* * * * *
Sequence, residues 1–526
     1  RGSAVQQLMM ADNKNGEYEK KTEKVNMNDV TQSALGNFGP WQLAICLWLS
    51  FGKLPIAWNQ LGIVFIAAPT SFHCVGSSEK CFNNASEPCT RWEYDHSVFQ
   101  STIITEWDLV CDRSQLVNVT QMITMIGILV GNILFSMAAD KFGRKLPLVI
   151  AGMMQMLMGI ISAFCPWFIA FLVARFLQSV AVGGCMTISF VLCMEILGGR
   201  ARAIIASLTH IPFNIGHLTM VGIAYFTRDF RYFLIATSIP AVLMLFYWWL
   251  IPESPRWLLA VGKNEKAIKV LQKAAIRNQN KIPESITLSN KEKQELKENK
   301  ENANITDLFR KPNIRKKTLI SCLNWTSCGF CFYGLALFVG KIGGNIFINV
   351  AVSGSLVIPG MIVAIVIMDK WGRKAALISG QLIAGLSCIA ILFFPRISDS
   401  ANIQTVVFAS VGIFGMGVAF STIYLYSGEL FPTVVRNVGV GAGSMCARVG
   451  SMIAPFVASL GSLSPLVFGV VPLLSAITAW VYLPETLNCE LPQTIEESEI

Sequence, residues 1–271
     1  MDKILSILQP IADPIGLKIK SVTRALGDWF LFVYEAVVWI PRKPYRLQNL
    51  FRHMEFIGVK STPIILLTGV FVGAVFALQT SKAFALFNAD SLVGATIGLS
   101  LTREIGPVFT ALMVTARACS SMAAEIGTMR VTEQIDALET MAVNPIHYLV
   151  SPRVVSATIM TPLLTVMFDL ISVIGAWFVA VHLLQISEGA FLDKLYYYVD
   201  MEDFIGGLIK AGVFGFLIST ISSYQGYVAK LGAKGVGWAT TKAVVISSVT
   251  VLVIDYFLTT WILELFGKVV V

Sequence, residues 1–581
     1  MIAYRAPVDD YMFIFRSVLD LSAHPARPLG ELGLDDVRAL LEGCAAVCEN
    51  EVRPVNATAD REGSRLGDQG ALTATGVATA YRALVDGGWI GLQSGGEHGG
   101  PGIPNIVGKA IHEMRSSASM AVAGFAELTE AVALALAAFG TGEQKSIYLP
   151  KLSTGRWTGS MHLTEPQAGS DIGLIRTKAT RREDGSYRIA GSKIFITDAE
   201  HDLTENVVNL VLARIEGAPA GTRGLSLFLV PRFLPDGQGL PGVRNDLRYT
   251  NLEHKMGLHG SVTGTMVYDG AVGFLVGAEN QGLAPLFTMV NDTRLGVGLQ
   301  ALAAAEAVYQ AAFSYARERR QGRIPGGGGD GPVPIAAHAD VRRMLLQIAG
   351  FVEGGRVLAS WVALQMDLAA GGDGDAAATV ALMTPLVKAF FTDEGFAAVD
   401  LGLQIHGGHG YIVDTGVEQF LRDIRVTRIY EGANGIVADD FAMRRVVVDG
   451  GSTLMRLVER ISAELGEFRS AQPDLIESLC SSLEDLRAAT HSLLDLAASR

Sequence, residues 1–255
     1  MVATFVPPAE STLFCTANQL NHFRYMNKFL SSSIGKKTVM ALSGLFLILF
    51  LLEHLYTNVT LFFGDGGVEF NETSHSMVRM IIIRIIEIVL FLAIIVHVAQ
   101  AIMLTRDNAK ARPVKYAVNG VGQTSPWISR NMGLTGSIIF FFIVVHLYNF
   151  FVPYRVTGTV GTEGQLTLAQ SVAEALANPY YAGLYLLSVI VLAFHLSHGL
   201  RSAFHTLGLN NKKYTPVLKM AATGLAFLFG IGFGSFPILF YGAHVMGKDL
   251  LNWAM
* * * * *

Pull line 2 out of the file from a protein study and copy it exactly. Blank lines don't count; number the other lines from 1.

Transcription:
     1  RGSAVQQLMM ADNKNGEYEK KTEKVNMNDV TQSALGNFGP WQLAICLWLS